We all know the story. Monkeys in a science lab, top secret research, something goes terribly wrong. It’s no surprise that most cinematic attempts to depict research like this ends up focusing on what happens to the humans.
But what about the ethics of this research, and what it means for the test subjects? In many cases, chimpanzees have been seen as viable in research because of their close relationship to humans.
Cats kill birds. You may have ready about the latest study -- it's really a study of other studies, a crunching of data from 90 other surveys -- which cranked up the estimated death toll of birds from cats. The old number was about half a billion; but the Smithsonian Conservation Biology Institute and the U.S. Fish and Wildlife Service now put it somewhere between 1.4 billion and 3.7 billion.
Wildlife of all kinds thrives in our verdant, wooded state. Most of us are used to seeing squirrels and possums, raccoons and turkeys, some of us even bears and many, many deer.
But what happens when those furry critters rummage through your garbage, scare your kids or even burrow across your neatly trimmed lawn?
Today, where we live - what happens when we get too close to wildlife, and it gets close to us. Do you encourage nature to visit your doorstep? Or do you have unwanted animal visitors where you live? What do you do about it?
Last week, the US House of Representatives managed to pass a $50 billion Sandy relief package, but an amendment tacked on to the bill cut some $10 million to repair Westport's Stewart B. McKinney National Wildlife Refuge.
Connecticut's third district Congresswoman Rosa DeLauro says damage sustained at the refuge was significant, and the aid package was vital to restoration efforts.
Last week the U.S. Fish and Wildlife service announced it had purchased 38 acres of pristine land along the Salmon River from the owner of the former Connecticut Yankee power plant.
The 38-acre parcel of land runs along Salmon River Cove, where the Salmon River meets the Connecticut River in Haddam. The land will become part of the Silvio O. Conte National Fish and Wildlife Refuge.
Many parts of the country this year have seen an eruption in squirrel populations. I couldn't help but notice many, many more of the critters in my yard this fall. Is Connecticut being overrun by squirrels? Every year, we put pumpkins out on our porch and stoop, and most years we get a few nibbles and scratches on our pumpkins. But this year, they have devoured the pumpkins, just leaving the base. What's going on this year?
Plum Island in New York, off the coast of Connecticut, is currently home to the nation’s only research facility for highly contagious animal diseases. In 2008, the US Department of Homeland Security was directed to examine the need for a research facility. The federal General Services Administration was later directed to sell the island.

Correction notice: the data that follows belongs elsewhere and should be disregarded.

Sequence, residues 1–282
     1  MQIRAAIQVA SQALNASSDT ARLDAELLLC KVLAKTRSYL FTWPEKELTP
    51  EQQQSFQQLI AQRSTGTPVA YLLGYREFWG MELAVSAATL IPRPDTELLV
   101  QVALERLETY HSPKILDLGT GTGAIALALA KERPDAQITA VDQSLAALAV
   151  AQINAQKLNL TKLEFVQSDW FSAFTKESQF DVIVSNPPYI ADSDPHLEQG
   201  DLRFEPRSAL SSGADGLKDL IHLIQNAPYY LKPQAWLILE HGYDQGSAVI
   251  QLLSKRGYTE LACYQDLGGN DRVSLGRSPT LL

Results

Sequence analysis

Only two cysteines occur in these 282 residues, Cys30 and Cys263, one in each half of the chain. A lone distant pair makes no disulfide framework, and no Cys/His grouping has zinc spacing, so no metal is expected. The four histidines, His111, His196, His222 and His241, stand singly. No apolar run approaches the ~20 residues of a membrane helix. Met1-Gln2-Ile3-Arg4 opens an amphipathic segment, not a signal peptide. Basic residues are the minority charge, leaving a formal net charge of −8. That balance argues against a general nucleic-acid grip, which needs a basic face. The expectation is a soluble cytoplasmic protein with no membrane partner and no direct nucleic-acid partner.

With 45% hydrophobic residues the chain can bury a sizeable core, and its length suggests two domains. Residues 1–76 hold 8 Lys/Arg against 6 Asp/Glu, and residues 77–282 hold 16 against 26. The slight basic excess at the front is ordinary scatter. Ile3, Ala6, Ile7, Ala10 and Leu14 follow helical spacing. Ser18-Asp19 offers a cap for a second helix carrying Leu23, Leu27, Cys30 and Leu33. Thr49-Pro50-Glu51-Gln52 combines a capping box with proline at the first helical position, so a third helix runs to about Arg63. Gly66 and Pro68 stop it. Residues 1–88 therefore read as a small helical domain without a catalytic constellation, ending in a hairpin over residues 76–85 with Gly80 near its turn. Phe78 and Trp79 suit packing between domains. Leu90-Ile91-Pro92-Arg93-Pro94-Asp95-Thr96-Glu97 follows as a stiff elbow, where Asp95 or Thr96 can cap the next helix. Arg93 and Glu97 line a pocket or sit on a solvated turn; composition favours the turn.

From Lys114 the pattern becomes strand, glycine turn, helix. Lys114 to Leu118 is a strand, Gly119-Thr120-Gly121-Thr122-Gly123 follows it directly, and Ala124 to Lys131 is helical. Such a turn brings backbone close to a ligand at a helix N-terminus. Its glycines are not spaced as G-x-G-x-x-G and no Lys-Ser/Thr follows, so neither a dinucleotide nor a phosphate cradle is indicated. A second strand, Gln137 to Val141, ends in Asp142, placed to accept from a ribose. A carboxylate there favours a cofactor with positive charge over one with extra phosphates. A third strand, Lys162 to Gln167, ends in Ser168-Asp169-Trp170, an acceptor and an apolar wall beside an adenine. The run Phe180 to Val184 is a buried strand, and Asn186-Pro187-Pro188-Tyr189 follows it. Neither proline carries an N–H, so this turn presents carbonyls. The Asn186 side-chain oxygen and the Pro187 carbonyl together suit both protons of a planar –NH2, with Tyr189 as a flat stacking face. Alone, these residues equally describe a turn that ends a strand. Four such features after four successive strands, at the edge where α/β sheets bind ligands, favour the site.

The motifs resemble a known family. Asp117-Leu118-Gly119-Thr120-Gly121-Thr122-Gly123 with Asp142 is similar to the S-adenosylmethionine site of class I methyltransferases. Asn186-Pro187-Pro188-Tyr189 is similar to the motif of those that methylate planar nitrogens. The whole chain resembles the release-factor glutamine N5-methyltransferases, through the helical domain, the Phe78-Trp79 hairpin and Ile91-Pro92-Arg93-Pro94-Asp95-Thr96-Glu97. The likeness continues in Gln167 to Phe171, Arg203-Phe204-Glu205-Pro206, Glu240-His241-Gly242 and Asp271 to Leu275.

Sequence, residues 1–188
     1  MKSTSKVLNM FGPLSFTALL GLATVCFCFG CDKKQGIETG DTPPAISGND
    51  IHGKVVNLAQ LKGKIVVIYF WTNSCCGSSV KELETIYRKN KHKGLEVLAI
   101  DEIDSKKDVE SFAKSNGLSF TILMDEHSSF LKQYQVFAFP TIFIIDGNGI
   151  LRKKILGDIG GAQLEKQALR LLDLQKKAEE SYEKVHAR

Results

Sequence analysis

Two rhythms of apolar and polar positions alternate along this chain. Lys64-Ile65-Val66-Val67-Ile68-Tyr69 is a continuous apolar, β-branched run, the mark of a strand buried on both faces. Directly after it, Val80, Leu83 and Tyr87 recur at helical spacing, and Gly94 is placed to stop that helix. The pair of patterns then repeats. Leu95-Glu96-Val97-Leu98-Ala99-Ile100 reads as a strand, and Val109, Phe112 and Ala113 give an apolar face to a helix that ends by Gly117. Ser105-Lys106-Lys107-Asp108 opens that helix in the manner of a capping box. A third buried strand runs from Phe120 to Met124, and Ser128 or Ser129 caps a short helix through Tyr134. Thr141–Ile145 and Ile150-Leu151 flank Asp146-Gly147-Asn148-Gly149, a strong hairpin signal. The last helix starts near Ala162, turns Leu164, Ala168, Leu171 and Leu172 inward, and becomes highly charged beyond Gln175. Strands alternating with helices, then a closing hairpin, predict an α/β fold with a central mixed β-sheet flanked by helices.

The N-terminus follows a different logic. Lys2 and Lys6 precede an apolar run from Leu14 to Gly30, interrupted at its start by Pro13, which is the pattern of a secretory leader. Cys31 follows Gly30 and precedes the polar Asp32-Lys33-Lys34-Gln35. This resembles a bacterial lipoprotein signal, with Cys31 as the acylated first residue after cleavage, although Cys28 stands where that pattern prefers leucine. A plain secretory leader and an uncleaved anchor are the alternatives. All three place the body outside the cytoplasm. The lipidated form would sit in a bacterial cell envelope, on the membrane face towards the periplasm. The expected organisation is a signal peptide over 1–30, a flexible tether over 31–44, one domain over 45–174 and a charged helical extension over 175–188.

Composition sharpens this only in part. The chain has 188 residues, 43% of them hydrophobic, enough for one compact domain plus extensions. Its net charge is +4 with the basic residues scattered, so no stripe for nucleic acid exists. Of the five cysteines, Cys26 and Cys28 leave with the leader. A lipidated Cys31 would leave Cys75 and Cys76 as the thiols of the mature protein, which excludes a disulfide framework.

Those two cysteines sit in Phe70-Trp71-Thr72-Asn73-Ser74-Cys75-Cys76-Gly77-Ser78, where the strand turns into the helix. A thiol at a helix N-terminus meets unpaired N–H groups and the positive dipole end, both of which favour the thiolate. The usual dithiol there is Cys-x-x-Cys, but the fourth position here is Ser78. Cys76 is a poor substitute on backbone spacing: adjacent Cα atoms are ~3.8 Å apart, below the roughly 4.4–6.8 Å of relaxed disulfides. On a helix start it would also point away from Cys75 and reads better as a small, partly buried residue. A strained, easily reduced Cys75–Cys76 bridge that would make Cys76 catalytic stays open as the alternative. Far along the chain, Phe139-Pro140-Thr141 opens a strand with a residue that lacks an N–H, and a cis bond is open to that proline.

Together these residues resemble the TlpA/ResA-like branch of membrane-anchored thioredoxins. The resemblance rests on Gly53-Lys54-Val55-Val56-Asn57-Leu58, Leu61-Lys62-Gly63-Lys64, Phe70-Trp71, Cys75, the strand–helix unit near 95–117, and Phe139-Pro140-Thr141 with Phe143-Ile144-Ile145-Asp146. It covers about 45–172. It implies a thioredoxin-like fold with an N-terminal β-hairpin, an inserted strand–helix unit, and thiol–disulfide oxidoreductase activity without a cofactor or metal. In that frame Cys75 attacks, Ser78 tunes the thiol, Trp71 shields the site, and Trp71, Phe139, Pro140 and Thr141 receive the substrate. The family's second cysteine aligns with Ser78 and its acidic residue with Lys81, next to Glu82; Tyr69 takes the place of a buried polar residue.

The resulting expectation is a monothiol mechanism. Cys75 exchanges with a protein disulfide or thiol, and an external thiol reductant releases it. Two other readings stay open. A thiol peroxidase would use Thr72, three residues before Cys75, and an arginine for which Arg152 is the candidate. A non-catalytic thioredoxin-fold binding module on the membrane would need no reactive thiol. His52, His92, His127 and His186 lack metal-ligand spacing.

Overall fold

Bear sightings in Connecticut are on the rise this year, and their numbers are growing. Appearing to talk about black bears and what you should do if you come across a bear is Paul Rego, a wildlife biologist with the state Department of Energy and Environmental Protection.
The core of the black bear population in the state is in the northwestern area, Rego says, in Litchfield County and western Hartford County. They're heading south in dramatic fashion, and somewhat to the east. Rego estimates their numbers at around 500.
The Robin has had it too easy for too long here in Connecticut. It was named our state bird by law in 1943. And what has it done since then? The robin's scientific name is turdus migratorius, but, as you may have noticed, not all of them do migrate. A small percentage of robins, for whatever reason stick around during the winter. More of them are males than females, which figures. "I'm cold? Are you cold?" That's just Stuff Female Robins Say.
We'll look at whether animals have friendships with one another the way humans do. And discover why some people become full of rage after hearing normal sounds, like clearing your throat. Plus: why laws can sometimes mean The Death of Common Sense.
Today's show is already breaking some kind of record for communications from the outside world received in advance of the actual episode. As soon as the promo started airing, we started getting emails, and what those emails told us was:
The Pledge of Allegiance is a 20th century creature. It was written at the end of the 19th century by a Christian socialist minister as part of a general push toward American nationalism, with special regard for the flag. I find people all the time who think it dates back to the founding of the United States. The phrase "under God" was added in the 1950s. There are all kinds of stores about how and why that happened. I think it's fair to sum it up as kind of a Cold War thing. The Soviets were godless. We weren't.
"You have just dined, and however scrupulously the slaughterhouse is concealed in the graceful distance of miles, there is complicity."
So said Ralph Waldo Emerson who saw, even in the 19th century, the way civilization puts artificial spaces in the natural order of things. Nature is wild. Wild animals are savage. The livestock business is brutal. Pigs are sentient. All of these things are true, but we prefer to have them orbit around, flung as far into space as possible.
Faith meets a man trying to save farmland in a place where developers are hungry -- the exclusive Hamptons. And, meet one of the kindest vets on earth, a man who believes the last breath an animal takes should be as beautiful as possible. Plus, a memoir of farming, food and, love.
Yesterday, The Connecticut Department of Energy & Environmental Protection announced its preliminary findings on the origin of the now-famous Mountain Lion that was struck and killed by a Hyundai SUV in Milford last month.
We spoke with Deputy Commissioner Susan Frechette today to hear the details.